## Monday, October 11, 2010

### The middle of the road

I've proposed several times in this blog that we consider math to be a language of counting, measurement, shapes and calculation; a language with precise definitions and specialized terms.

I'd like to adjust my definition to include the concept of comparison. Math provides us with the means to compare and evaluate the world around us.

While there are subtleties which require us to use a wide range of comparison terms, the simplest comparisons could be narrowed down to two choices.

• This object is the same as that one.
• This object is not the same.

A much more satisfactory comparison can be made using three terms. In essence, we are still using the single comparison as well, but we are leaving that comparison unspoken.

• This object is the same as that one
• This object is better than that one (therefore it is not the same)
• This object is not as nice as that one (thus it too is not the same)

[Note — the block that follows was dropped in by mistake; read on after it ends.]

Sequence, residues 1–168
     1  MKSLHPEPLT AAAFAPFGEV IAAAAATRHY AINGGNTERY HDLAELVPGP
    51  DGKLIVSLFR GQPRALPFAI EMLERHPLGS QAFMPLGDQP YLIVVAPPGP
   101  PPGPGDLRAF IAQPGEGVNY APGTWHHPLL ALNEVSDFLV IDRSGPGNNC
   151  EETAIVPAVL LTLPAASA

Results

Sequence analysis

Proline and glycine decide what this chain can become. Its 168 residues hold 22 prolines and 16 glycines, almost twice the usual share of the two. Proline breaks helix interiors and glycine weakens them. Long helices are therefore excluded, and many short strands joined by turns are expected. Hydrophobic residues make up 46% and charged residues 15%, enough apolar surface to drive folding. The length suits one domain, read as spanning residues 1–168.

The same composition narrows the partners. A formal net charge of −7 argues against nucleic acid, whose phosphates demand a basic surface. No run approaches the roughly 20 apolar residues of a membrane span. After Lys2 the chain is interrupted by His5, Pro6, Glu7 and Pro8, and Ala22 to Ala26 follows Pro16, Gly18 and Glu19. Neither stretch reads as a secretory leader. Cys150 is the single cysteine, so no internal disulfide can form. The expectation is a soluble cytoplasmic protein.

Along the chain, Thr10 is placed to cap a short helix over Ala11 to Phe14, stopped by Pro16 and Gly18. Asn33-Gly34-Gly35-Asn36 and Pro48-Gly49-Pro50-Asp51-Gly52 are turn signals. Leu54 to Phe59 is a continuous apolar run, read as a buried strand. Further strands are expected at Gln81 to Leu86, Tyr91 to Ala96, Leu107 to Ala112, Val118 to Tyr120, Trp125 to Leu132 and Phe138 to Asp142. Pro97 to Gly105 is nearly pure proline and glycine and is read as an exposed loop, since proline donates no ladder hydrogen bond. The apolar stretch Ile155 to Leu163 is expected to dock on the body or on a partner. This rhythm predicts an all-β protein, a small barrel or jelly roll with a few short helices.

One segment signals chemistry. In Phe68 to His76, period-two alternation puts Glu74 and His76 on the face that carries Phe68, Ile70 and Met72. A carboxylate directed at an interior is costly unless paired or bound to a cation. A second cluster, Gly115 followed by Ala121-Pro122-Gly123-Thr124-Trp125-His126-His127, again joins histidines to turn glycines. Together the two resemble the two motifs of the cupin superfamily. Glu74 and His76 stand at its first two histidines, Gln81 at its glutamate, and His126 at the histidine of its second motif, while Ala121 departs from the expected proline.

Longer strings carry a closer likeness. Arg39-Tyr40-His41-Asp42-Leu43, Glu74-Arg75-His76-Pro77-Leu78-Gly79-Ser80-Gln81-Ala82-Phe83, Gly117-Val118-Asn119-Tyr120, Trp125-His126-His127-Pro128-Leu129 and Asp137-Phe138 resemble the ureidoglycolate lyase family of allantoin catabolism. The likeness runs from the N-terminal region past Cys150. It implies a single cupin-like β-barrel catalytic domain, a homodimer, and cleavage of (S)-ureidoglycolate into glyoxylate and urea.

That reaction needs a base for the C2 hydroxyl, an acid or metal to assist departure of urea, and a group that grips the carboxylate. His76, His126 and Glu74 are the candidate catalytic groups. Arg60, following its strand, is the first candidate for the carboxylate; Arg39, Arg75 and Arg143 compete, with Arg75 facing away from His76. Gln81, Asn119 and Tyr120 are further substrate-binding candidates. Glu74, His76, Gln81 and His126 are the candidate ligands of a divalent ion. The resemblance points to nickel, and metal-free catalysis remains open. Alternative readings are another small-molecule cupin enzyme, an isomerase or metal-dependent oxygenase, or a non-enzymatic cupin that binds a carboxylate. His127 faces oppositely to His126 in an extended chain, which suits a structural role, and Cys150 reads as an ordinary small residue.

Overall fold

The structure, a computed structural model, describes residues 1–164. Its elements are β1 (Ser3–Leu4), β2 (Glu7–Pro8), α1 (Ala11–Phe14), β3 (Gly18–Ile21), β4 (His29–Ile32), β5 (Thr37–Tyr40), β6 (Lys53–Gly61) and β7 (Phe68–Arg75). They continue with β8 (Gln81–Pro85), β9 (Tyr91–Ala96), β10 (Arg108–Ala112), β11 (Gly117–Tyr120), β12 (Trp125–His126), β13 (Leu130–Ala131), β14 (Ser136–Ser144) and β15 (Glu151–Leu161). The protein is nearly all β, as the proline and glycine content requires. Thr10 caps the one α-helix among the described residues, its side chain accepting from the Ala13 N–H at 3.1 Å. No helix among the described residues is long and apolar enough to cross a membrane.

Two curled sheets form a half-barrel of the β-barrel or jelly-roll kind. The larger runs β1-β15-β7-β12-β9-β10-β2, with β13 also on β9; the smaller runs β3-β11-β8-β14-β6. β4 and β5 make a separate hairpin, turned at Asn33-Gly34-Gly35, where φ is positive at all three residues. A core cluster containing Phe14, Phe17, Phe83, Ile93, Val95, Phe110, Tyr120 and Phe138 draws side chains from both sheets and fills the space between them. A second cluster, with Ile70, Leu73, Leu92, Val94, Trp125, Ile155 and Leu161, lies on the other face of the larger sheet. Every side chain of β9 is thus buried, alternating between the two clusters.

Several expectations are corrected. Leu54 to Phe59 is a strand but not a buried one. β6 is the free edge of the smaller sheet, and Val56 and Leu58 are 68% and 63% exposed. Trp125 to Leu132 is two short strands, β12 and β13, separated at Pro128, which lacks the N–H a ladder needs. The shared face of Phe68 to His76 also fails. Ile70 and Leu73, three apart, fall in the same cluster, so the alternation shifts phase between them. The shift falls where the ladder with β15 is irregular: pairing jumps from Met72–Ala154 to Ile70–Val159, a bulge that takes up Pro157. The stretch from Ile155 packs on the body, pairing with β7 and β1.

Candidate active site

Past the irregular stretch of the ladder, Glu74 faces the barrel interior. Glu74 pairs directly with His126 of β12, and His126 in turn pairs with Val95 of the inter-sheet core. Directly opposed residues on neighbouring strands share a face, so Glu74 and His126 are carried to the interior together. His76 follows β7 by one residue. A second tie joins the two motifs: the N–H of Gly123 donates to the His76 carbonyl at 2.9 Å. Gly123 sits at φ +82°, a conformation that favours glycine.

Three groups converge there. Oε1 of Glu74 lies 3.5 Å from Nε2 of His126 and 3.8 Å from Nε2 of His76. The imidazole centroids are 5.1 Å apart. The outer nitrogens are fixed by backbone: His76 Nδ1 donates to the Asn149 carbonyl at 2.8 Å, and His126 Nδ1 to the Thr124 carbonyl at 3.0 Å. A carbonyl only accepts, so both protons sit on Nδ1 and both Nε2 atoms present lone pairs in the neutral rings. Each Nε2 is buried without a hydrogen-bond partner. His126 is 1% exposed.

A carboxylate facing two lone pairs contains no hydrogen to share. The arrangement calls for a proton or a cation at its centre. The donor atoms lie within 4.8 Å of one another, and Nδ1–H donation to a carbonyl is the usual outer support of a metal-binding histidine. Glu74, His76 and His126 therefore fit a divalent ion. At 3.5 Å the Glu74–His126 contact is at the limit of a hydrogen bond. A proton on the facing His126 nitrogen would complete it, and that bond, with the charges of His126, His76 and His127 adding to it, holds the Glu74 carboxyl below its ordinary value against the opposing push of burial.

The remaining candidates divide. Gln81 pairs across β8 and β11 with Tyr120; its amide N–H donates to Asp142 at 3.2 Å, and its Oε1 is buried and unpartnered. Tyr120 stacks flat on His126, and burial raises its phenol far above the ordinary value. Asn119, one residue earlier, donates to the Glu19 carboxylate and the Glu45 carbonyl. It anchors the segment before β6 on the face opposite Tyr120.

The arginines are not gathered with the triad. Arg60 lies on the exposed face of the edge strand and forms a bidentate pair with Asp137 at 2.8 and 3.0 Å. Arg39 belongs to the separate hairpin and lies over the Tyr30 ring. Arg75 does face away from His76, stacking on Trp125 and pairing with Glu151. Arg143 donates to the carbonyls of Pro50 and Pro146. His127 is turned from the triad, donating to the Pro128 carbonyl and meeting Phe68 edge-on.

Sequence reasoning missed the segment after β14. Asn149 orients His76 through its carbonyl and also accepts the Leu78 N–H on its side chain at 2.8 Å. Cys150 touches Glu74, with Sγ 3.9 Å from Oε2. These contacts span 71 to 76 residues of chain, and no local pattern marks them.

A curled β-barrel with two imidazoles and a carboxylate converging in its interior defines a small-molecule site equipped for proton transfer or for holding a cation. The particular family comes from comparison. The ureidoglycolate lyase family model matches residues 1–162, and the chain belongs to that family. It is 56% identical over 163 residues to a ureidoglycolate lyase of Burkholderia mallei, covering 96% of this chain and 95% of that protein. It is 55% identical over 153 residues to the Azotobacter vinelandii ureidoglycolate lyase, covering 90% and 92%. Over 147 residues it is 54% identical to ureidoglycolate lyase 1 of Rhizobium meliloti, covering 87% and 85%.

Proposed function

Kindergarten Excel Math starts off not with numbers, but with comparison words that a 5-year-old person could use. The table below contains a variety of these sets of words used by English-speaking people of all ages. I invite you to think of more terms:

Minus

Equals

Plus
less than
equal to
greater than
lower
same height
higher
below
same height
above
shorter
same height
taller
shorter
same length
longer
narrower
same width
wider
under
middle
over
bottom
middle
top
left
middle
right
thinner
same thickness
thicker
inside
on the line
outside
off
midway
on
before
during
after
fewer
same
more
fewest
same
most
least
same
most
different
similar
identical
front
middle
back
forward
not moving
backward
in front of
aligned with
behind
younger
same age
older

This concludes my list of comparison terms. But before I leave, here's a gift for those who insist on numbers in every math blog. Your assignment? Describe the relative positions of these three numbers using at least 3 sets of comparative terms from the table above: